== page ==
Trui Moerkerke is a Belgian journalist who moved to Ann Arbor, Michigan with her family in the Summer of 2016. She decided to make the most of the waiting-for-the work-permit-time. She is fascinated with Detroit and studied to become a tour guide. There is so much to see, so much to tell. As a journalist and former editor, Trui knows a thing or two about storytelling. Trui is still writing for Belgian magazines and newspapers and she founded A Dose of Detroit. She's ready to take you on a guided tour in this amazing city (in Dutch, French and English).
Fans of modernist architect Mies van der Rohe can't skip Lafayette Park. The legendary German-American, director of the German Bauhaus school and movement in the 1930s, is mainly associated with his work in Chicago, but it is in Detroit that you'll find the biggest collection of van der Rohe architecture. Lafayette Park, built at the end of the fifties, contains 186 houses and 3 apartment towers, all textbook modernistic architecture: clear lines, lots of glass, and a combination of concrete and glass.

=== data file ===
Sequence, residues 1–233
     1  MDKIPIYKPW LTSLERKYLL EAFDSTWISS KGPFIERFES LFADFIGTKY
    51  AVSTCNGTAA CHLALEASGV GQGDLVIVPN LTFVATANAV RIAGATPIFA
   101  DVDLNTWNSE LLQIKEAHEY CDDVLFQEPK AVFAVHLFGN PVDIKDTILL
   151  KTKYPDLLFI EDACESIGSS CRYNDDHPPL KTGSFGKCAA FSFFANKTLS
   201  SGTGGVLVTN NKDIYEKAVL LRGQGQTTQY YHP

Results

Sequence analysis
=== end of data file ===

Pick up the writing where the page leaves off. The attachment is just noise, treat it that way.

For this residential development, van der Rohe collaborated with a city planner and a landscape designer. The public park surrounding the houses and apartments creates a tranquil oasis close to the city center.
After World War II, Lafayette Park wanted to create housing for the growing middle-class in Detroit. Lafayette Park has been hailed as "one of the most spatially successful and socially significant statements in urban renewal" and as a "prototype for future urban development predicated on human values."
On the website Mies Detroit, you'll find information and guidelines for a visit. The Mies van der Rohe Townhouses are located on private property. Nevertheless, in practice, they are relatively easy to visit and view from the public streets and adjacent public sidewalk around the complex.
An ideal way to discover Lafayette Park is the 'self-guided' tour by Michigan Modern.